Category Archives: Vintage Patterns

Vintage Delights

Phyllis recently received a treasure-trove of vintage patterns that belonged to her grandmother and mother (many of which she is currently selling through her Etsy Shop). Imagine my delight when she hand-picked two beauties just for me!

Phyllis knows that I love an interesting sleeve and often buy patterns for that reason alone. This first one (from 1970) is gorgeous (and unusual!) but very, very easy to duplicate. It’s simply a full sleeve with half stitched to the cuff and the rest left free. I may use this on my Milly blouse.



This Spadea stunner is still as stylish today as when it was released in 1973. I’ll probably make this up as is but a bit shorter. Notice that the sleeve and yoke are one piece! I scanned the line drawing of the sleeve pattern to better illustrate this. This is a perfect example of the types of details you can find in vintage patterns that are so rare today.



If you enjoy vintage patterns as much as I do, be sure to go and check out Phyllis’ Etsy shop. If you see something you like I would move quickly as I’ve already missed out on two that I had my eye on. Thank you again, Phyllis!



Filed under Vintage Patterns

The Year of the Jacket 2010 – in Review

I will probably finish one more jacket yet before the end of the year but I thought it would be fun to look back at what I have already completed. I know some people were concerned about joining the Stitcher’s Guild sew-along for 2011 because they thought they’d have to make 12 tailored, lined jackets – not so! While I love making them, they are not really wearable here during the warmer months. A jacket can be as complicated as a notch-collared style with welts and hand padstitching or as simple as a linen shirt jacket or jean jacket. There are no rules so join in – the more the merrier!


#1 McCall’s 5984


#2 McCall’s 5984


#3 Simplicity 2443


#4 Simplicity 2443 (modified)

#5 Simplicity 7715 (vintage)

#6 Simplicity 2443 (modified)


#7 McCall’s 5860


#8 McCall’s 5635 (modified)


#9 Simplicity 5440 (vintage, modified)

#10 Hot Patterns Riviera Blvd. Jacket


#11 Simplicity 4109


#12 Simplicity 2508

#13 Burda Style 10/2009 #109
duffle coat


Filed under Burda WOF, Hot Patterns, McCall's, Simplicity, Vintage Patterns, Year of the Jacket

Isabel Marant Jacket – Final

Once I got the pockets in, everything went so quickly! I felt like I was trudging along for awhile there and then, bam!, I was finished. The original jacket had that horrible, puckery, pouffy mess around the neckline (you can zoom in at Net-a-Porter to see what I mean) so I knew I’d have to come up with something else. I decided that a simple 5/32″ piping would be the best way to go and I’m pleased with the result. Actually, I’m pleased as punch with the entire jacket!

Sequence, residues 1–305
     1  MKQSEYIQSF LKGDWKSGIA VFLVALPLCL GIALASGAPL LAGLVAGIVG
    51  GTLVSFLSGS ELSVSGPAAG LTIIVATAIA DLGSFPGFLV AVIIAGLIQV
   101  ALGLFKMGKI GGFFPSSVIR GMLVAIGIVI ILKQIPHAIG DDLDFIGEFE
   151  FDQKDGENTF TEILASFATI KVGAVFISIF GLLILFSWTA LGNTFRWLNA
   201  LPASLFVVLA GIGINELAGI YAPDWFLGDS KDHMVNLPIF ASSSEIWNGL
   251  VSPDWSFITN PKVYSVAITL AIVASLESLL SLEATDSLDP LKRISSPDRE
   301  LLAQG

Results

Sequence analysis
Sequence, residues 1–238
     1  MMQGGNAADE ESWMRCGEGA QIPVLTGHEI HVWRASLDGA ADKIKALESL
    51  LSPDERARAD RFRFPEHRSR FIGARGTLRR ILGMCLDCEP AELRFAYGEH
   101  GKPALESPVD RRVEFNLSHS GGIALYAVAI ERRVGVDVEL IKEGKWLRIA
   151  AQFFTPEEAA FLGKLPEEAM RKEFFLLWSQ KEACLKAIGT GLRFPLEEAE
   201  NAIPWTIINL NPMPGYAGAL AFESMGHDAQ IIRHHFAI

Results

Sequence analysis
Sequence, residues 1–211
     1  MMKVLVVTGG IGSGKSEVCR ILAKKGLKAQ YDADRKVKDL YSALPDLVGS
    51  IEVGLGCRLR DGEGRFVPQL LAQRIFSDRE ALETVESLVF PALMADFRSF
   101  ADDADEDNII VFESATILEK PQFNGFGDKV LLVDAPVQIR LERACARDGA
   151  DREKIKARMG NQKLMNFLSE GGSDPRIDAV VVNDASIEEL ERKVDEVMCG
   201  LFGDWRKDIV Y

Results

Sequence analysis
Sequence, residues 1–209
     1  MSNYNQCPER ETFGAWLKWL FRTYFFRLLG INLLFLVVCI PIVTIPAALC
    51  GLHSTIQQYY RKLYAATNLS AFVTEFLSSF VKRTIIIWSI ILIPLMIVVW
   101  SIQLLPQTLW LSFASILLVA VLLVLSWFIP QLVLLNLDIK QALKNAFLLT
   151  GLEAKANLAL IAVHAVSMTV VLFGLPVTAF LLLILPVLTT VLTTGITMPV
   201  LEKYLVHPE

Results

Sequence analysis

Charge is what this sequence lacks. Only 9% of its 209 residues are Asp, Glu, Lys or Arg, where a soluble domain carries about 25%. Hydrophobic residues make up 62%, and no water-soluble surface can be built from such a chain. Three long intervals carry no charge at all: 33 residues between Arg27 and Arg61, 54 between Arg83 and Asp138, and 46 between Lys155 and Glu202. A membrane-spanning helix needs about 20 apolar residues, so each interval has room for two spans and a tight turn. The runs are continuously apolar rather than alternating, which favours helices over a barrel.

When I got to the point of choosing a lining, I was going to go with plain old black and then I found this piece of crepe de chine in my lining stash. Realize that, by this time, I was so deep into this project that I could no longer see the forest for the trees and couldn’t decide if this was crazy good or just plain old crazy. So, I consulted with Ann and Phyllis and it was decided that, yes, it was crazy but we liked crazy.


This is proof that, sometimes, you just have take risks (remember, it’s only fabric). Yes, it’s totally crazy and unexpected but I like it. Besides, a little Michelangelo is good for the soul.


I modified the front facing to end at the raglan sleeve seam for a couple of reasons. First, I didn’t want a back neck facing and, second, metallic brocade is scratchy so I wanted as little of it as possible on the inside of the garment. I used plain black China silk to line the sleeves. I thought cutting up the lining fabric motifs for the sleeves would spoil the effect.



Filed under Simplicity, Vintage Patterns, Year of the Jacket

Isabel Marant Jacket – Part I

Finally! I have had all the “ingredients” assembled for awhile so I was anxious to get started. In case you’ve forgotten, here is the inspiration jacket:



I used this vintage pattern, Simplicity 5440, as my starting point.


I love working with vintage patterns because you get details and drafting that you can’t find in most modern patterns. Check out this sleeve hem (and, remember, this is an elasticated, casual sleeve!):


After tissue-fitting the pattern, I made my adjustment (sleeve length only) and cut the main pieces out in flannel. The original jacket is puffy (the description says quilted) so I wanted the same feeling without it being quilted. Back in the 1990s when we made tailored jackets out of blouseweight fabrics, I always used flannel as an underlining. It served two purposes: 1) it beefed up the fabric without making it stiff and 2) solved the (at the time) problem of successfully fusing to a silky fabric. This is just cheap flannel from JoAnn’s that I prewashed/dried several times. I have to say, I was looking for a thinner/cheaper flannel and this one is actually a pretty decent quality. Go figure.


I used the flannel to work out my neckline changes as shown here:


Then I used the flannel pieces as my pattern. This is actually a really good way to “test” a pattern before committing to your good fabric. I simply serged the flannel underlining to all of the brocade sections and then treated them as one layer for the remainder of the construction. The serging is necessary because brocade ravels every time you look at it funny.

First up, the single welt pockets. I always use this welt pocket pattern that I got from Judy Barlup when I attended a sit-and-sew class with her a number of years ago. It’s nice not having so much bulk at the sides. I drew the lines to help me center it on a motif.


Here’s what the welts look like once they are sewn:


and turned/pressed:



I drew two lines 1/2″ apart on a piece of stiff non-woven sew-in interfacing and marked the ends of the welt. I basted this into position on the welt stitching line (the lower line). Make sure you go past the ends of the pocket, this makes positioning the welt from the right side easier.


Then, I positioned the welt on the right side of the garment and stitched on the same line (from the wrong side), this time being sure to stop at the ends of the welt.


Next, I laid the pocket pieces (plain old Symphony broadcloth) over the welt and,